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Tue, 28 April 2015 05:42:33
Sri Lanka conglomerate urges speedy oil search
11 Apr, 2008 16:54:03
April 11, 2008 (LBO) – Sri Lanka's Capital Maharaja Organisation, a big unlisted conglomerate, has earmarked a group of engineers for training in offshore petroleum skills but warns further delay in starting oil exploration could be costly.
"Our chances of finding oil or gas offshore are very, very real," said Nimal Cooke, executive director, projects of the Maharaja Organisation.

"But we're worried about the pace at which it is going."

Maharaja is one of the first Sri Lankan companies to position itself to benefit from an anticipated oil strike by striking a joint venture deal with Norwegian oil drilling firm Aker Kvaerner for future involvement in oil and gas exploration in the island.

The joint venture with Aker Kvaerner is to provide drilling equipment and other supplies required by the offshore oil industry, including training.

"We have short-listed 30 engineers for training in Norway," Cooke said.

The engineers will be trained from six months to one year working both on offshore oil rigs as well as ashore to get experience in commercial operations.

Cooke said doubts had arisen among those in the industry about whether the government is going to proceed with the bids it had received.

The government received bids in January from three firms, mainly regional players focusing on India and south Asia, for the exploration blocks last month. These were ONGC Videsh, Cairn India, and Niko Resources of Cyprus.

The government has said it expects to award the contracts by April 2008 and start the oil exploration process by August.

More bids had been expected but since only three had been received there was some talk of recalling tenders as the government feels there is not enough competition.

But Cooke warned that further delays in the already long-delayed exploration work could prove costly for the oil-importing island.

With India going to offer 50 blocks in May, oil companies might lose interest in Sri Lanka, he said.

"We might lose to India, it's going to be a damn sight more expensive later on and we might lose even the three who submitted bids," Cooke said.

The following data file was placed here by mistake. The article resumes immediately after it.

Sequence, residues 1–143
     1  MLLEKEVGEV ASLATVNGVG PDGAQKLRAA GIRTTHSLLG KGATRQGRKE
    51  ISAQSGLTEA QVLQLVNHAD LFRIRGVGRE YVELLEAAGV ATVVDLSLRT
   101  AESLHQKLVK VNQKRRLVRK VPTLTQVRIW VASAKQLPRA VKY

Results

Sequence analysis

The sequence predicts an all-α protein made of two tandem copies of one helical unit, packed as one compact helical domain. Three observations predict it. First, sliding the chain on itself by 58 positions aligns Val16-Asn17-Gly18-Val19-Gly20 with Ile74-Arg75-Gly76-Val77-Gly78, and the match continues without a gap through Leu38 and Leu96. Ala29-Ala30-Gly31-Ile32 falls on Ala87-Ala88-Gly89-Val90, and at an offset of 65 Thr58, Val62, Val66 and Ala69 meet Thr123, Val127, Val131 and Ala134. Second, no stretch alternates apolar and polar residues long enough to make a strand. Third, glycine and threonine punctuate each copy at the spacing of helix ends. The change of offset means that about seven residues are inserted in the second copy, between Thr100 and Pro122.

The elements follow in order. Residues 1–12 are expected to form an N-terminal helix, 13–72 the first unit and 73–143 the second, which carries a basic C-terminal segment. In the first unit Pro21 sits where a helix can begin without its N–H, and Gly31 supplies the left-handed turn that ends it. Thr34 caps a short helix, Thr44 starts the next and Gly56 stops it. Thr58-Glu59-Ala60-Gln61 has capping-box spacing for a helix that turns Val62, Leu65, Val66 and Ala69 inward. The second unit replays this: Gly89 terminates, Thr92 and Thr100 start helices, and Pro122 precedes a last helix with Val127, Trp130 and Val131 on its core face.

Cooke said it costs about 500,000 dollars a day merely to lease an oil rig, apart from running costs.

Although there was heavy demand for oil drilling equipment because of a surge in exploration given record crude oil prices, equipment was available, but at a price.

"That's why we must give it now because prices are going higher. All costs are going up," Cooke said.

"Get the job off. We would like to see all three bidders get one block each.

"We have eight blocks earmarked for exploration and only tendered for three with five other blocks yet to be given. If you hit oil in one of the three, the other five become very important."

All three bidders for the blocks in the Manner Basin off the west coast have bid for the first block, while Cairn India and Niko Resources have bid for the second block. The third block has received only one bid from Nico Resources.

Cooke said Sri Lanka had been very bold in going to the market at a time when the government has just withdrawn from a ceasefire with the Tamil Tigers and the war was about to escalate.

"It was the saddest time to go to market for a project like this. But this is a commercial deal and most important for the country. It can change the whole balance of the economy completely."

Initial seismic surveys reveal definite incidence of oil or gas but until more detailed three-dimensional seismic surveys are done it was not possible to estimate the extent of the deposits.

Striking oil would be a major boost for the country which imports over two billion dollars worth of petroleum products a year.

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